Re-issue of mainstream hard bop/soul jazz tenorist Gene Ammon's last album from 1974.
John Eyles 2003-04-01
Even when it was first released in 1974, this album was an anachronism. The opening track, "Sticks", sounds as if it comes from a late-50s Horace Silver session with Blue Mitchell & Junior Cook.This definitive take on funky, foot-tapping soul-jazz sets the tone for the album. Ammons is joined by a fine bunch of like-minded players- Nat Adderley on cornet, Kenny Drew on piano, Sam Jones on bass, Louis Hayes on drums, Ray Barretto on congas and Gary Bartz on alto sax. They share his straightahead attitude; for all of them, the watchwords were swing, melody and emotion. The only slight exception is the younger Bartz, whose soloing sounds as if he's toeing the line and keeping himself in check, rather than cutting loose into freer territory.
One of the few elements that would fix this session in 1973 is the inclusion of Gilbert O'Sullivan's "Alone Again, Naturally" (yes, that one. Can you think of another jazz treatment of it?). It's the weakest track here, being pleasant but relatively lightweight. Its structure does not allow for the powerful ensemble riffing that give the best soul-jazz its power and appeal. By contrast, Duke Pearson's "Jennine" and Ammons own "Geru's Blues" are perfect vehicles for the band sound, allowing for some full-tilt blowing guaranteed to set the pulses racing.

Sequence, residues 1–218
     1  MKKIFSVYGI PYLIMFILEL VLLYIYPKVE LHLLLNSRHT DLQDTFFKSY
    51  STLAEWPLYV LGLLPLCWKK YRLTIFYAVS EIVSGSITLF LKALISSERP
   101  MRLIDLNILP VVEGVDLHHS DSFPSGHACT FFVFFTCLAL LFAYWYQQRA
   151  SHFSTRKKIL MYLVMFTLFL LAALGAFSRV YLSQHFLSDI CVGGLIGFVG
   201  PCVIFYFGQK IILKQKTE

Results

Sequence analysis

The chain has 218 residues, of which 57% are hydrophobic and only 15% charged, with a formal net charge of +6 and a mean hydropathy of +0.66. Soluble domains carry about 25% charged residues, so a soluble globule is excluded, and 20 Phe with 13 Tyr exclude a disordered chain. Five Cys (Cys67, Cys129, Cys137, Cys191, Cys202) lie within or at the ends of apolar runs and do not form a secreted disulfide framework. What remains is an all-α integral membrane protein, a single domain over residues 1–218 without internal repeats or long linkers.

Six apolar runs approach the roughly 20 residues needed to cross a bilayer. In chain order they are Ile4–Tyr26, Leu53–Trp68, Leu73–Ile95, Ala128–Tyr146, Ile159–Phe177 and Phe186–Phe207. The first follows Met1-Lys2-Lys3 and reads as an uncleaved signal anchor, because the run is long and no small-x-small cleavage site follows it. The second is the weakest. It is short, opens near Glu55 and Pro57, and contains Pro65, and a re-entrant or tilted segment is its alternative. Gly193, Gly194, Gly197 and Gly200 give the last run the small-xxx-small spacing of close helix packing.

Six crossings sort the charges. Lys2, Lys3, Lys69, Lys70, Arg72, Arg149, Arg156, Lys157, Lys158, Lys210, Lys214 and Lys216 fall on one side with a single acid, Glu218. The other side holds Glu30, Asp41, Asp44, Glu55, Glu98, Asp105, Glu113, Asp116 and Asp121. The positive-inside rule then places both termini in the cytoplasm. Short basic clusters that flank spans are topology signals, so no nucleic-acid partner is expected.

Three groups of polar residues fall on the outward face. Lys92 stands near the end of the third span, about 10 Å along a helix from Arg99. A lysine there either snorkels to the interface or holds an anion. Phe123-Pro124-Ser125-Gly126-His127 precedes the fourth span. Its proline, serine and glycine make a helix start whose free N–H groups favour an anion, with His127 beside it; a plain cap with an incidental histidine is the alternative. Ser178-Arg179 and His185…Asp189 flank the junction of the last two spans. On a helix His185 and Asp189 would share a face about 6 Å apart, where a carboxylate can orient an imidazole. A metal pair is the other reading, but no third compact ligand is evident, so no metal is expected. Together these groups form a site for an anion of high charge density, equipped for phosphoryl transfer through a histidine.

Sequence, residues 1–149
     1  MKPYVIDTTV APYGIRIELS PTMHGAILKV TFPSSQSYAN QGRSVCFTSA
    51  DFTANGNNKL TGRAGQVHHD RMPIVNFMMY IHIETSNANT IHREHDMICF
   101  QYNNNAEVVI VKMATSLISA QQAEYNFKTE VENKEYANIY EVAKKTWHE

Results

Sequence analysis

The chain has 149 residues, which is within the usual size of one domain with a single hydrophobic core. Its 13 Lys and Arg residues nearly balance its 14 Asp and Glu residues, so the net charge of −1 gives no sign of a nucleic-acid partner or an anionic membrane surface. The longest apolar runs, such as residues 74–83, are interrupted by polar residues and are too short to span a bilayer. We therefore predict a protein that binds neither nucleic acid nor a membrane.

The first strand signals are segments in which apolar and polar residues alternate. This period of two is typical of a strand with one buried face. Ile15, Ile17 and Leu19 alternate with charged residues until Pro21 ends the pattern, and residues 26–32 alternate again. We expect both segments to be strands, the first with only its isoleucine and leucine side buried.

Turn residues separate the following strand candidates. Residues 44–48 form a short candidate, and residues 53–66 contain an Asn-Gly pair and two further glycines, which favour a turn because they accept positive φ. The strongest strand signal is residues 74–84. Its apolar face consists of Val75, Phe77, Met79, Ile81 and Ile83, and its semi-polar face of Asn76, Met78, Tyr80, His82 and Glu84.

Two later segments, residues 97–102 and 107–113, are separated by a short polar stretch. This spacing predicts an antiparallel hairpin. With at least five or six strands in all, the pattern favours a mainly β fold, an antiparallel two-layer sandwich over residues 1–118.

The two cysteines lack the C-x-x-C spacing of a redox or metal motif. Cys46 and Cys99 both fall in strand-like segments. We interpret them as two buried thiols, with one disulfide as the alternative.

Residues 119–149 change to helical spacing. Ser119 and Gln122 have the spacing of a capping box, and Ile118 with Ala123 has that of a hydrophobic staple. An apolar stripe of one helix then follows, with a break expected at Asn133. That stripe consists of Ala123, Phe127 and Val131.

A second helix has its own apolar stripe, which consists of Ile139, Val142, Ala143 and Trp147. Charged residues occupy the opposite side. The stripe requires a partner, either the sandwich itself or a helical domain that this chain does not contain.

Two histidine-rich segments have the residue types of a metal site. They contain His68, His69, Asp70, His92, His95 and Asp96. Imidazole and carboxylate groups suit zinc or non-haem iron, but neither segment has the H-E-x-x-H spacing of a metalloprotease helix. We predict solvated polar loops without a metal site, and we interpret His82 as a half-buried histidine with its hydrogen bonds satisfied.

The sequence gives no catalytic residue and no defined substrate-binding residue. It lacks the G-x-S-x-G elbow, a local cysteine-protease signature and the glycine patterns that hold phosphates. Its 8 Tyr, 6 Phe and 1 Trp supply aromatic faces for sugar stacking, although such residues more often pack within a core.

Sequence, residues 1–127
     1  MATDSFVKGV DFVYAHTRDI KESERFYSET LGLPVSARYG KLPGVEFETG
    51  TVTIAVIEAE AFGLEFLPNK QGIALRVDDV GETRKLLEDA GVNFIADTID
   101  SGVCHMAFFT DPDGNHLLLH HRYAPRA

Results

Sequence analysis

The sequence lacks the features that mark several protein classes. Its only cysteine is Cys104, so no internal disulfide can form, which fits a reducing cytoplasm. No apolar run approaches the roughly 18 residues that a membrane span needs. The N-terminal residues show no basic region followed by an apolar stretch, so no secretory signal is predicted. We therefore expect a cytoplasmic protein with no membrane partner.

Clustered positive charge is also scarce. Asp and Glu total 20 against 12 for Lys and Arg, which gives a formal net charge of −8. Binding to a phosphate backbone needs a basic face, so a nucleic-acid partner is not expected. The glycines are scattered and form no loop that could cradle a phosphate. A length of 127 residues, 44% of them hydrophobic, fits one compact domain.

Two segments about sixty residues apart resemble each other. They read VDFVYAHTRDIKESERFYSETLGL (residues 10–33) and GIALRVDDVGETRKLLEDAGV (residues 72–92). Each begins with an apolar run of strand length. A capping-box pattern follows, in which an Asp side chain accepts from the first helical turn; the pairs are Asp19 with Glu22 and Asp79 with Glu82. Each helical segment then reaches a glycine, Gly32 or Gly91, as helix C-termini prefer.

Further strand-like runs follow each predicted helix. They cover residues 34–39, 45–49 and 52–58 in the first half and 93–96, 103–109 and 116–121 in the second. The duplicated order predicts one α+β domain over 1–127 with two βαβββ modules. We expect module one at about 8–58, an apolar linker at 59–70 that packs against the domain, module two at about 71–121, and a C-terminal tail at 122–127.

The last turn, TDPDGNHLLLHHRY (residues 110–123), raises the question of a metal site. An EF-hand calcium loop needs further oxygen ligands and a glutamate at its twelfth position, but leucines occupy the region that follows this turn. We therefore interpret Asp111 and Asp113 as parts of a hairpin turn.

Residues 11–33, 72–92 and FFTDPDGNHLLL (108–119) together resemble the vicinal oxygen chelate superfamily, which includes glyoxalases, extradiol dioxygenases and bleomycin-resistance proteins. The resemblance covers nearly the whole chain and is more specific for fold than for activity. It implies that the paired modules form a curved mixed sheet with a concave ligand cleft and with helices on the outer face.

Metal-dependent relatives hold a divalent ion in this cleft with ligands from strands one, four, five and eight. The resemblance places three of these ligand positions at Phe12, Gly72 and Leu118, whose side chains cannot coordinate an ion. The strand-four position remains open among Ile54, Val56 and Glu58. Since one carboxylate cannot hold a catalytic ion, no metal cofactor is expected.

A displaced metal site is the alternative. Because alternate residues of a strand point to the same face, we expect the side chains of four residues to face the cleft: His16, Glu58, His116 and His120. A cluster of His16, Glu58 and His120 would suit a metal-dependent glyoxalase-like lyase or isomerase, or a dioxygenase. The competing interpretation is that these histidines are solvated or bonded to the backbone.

This was Gene Ammons' last album (he died soon after, of pneumonia). Often, last albums or sessions can be disappointingly anticlimactic (Doo Bop, anyone?). This one, though, makes a fitting finale, encapsulating much that was good about Ammons. Ironically, the very last track he recorded was the atypical Gordon Jenkins ballad "Goodbye". With the focus firmly on Ammons at his most restrained and soulful, it makes a poignant end piece.